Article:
Choosing a hand sanitizer
Hand sanitizers can help limit the spread of disease-causing germs, including
the H1N1 (swine flu) virus, public health officials say. They don't, however,
stop the transmission of viruses completely because these illnesses are also
airborne. Experts encourage the use of an alcohol-based hand sanitizer anytime
you're away from soap and water and need to disinfect your hands, such as
in the car or at the office. Here are a few key points to remember when shopping
for hand sanitizer:
- Pick a product that contains at least 60 percent
alcohol. You might see the words "ethanol" or "isopropanol" on
the label -- both are types of alcohol. Hand sanitizers with less alcohol
will not work as well, studies show. Alcohol-free hand sanitizers often
use the chemical BAC or plant oils to kill germs. However, health officials
say there is less evidence that these products work as well.
- Fragrance- and dye-free
products may be better matches for sensitive skin, although health
officials say allergic reactions to hand sanitizers are few and far between.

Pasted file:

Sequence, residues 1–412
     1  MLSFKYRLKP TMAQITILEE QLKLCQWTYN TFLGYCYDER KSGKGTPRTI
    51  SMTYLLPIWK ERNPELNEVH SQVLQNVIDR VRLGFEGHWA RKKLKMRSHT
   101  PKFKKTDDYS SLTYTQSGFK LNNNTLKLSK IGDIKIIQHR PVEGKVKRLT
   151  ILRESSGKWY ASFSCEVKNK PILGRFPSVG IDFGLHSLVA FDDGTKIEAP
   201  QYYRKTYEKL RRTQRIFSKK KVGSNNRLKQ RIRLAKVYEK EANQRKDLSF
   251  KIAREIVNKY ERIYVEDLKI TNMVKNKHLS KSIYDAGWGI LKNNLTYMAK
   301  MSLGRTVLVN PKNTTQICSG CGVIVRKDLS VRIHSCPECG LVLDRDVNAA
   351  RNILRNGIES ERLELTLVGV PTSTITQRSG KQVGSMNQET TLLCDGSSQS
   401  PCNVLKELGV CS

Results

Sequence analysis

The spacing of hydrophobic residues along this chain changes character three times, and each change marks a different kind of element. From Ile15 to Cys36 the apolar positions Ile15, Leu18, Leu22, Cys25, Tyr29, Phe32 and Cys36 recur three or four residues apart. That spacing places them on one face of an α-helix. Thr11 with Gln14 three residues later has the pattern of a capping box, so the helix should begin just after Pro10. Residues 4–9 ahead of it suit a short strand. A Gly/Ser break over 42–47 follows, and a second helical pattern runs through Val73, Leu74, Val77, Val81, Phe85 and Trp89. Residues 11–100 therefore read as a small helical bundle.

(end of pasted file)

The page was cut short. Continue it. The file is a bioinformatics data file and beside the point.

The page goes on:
is actually more drying and irritating to skin than an alcohol-based
hand sanitizer, studies show. Some users find alcohol-free hand sanitizers
even less drying, but public health officials say those don't kill the
wide range of germs that alcohol does. If your hands still feel dry after
using hand sanitizer, health experts suggest applying hand lotion.
- Homemade hand
sanitizers are not recommended. Most formulas contain too little alcohol
and usage may actually spread germs.
- Be sure to apply enough hand sanitizer. Studies show that at least 3 ml (a little more than half a teaspoon)
is needed for adults to achieve the full benefits of any sanitizer.
should be vigorously rubbed into hands until they are completely
dry. Experts say this generally takes approximately 20 to 30 seconds. If hands
are dry sooner, you may not have applied enough.
- Avoid sanitizers that contain Triclosan. Experts say that the antibacterial agent Triclosan, commonly found
in antibacterial soaps and cleansers, can potentially increase bacterial
resistance to antibiotics.